For the past month, since we became a single (read: tiny) income family building a new business, newly married, and watching all our money fly away, I’ve received the same message almost every single day: change your thoughts, change your life. It’s come in the form of other blogs, newsletters, podcasts, random Facebook posts, prayer group, tv shows, movies, random people in the grocery store…the message has been persistent. And consistent…ly annoying the shit out of me.
I’m woo-woo. I’m a spiritual-thinker. Unless, of course, it’s me that is going through a poop-storm. Then, most of my woo-woo goes bye-bye and I get depressed and terrified. This experience has been no different, interspersed with plenty of joy and laughter and encouraging moments. But the woo-woo hasn’t really served me well lately, hence I’ve ignored the obvious sign that it’s fairly important for me to change my thinking.
Then today…science. Science gave me the message again, only this time, in a SCIENCY way. And I heard it differently.
Remember the Marshmallow Test? Created by psychologist Walter Mischel, a few marshmallows were set on a table in front of a young person (maybe 4 or 5 years) in an empty room. The children were told if they waited to eat the marshmallows until the adult came back into the room, they’d get EXTRA marshmallows. The study was repeated hundreds of times, all in an effort to correlate the delay of gratification with success: if you can control yourself, you’ll be successful in life. The kids that waited would go to college, the ones that gobbled up the marshmallows would not.
But ironically, this was not at all what Mr. Mischel expected people to take from the study. Because the study itself is rarely explained in its entirety…
No, Mr. Mischel had another set of children in the experiment. This set of kids were the entire POINT of his studies, but were usually left out of the anecdotal evidence. These children were also sat in a room, with a table, and lots of marshmallows. They were also told to wait until the adult came back into the room before eating the marshmallows. BUT. Before the adult left, he or she would make a suggestion, such as, “You can just pretend the marshmallows aren’t there until I get back. You can pretend they’re just a picture.”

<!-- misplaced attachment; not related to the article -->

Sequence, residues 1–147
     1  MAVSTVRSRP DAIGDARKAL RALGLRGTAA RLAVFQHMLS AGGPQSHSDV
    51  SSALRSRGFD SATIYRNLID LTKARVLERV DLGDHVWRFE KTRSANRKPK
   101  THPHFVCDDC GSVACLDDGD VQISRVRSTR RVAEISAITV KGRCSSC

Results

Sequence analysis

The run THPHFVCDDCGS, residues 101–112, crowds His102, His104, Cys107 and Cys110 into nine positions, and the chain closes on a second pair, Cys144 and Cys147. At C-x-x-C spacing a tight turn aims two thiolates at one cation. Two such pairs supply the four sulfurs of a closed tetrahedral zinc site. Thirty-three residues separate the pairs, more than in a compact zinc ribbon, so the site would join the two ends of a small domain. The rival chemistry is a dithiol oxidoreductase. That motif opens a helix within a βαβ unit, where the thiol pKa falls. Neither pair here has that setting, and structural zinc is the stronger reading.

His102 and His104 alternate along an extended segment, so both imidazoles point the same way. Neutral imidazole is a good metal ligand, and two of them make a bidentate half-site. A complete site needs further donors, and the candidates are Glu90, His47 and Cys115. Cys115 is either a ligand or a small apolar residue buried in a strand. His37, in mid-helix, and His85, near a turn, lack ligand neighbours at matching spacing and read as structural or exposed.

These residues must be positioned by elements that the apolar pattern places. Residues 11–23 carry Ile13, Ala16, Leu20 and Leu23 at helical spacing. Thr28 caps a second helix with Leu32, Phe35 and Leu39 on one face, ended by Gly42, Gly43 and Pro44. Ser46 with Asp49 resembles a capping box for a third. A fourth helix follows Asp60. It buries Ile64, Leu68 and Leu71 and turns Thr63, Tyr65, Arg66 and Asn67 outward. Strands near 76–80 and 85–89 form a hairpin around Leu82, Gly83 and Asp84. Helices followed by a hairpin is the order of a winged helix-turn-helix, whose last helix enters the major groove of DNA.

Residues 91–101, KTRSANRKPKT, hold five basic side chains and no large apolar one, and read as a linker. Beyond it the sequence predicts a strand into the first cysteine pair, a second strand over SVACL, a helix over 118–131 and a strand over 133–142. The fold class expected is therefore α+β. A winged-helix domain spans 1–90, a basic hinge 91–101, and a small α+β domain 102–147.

Guess what? Not only did the number of children who delay gratification increase, the length of time they COULD delay gratification tripled, from 5 minutes to 15 minutes.
Because Mr. Mischel changed the way the children could choose to interpret the situation. There was an option besides, “This sucks and I’m going to have to white-knuckle this ish.” He taught them to re-frame it. Those aren’t marshmallows. Those are just pictures of marshmallows. “It showed the many ways people can change what they become and what they think. They aren’t defined by their own biographies…” Mr. Mischel explained. We humans are actually very flexible because we have these awesome things called brains that allows us to CHOOSE the thoughts we have (with the exception of mental illness).
But that’s not the moral that our culture drew. Our culture, and then the media for decades, defined it as, “The destiny of your future is in a marshmallow.” Your future is based on the cards you are dealt, the bad things that happen to you, how lucky you happen to get…
When in reality, Mr. Mischel wants us to get that our future is based on what we choose to think.
Which brings me back to the woo-woo…
The self-control Mr. Mischel was testing was not whether or not you could control your actions, but whether or not you could control your thoughts…
I have to change my thoughts. I am the only one in control of that. I am the only one with control of the things my brain thinks. And for being such a control freak, I’m totally dropping the ball when it comes to controlling my own thinks.
New goal: think 5 good things a day and reverse any negative/scary/anxiety-ridden thoughts into good ones, even if I don’t even believe myself. I’ve tried a bunch of other ways to control this situation, and none of them have worked…
“It’s not simply that life does things to us…we in turn do things to it.”
Time to try doing things to life.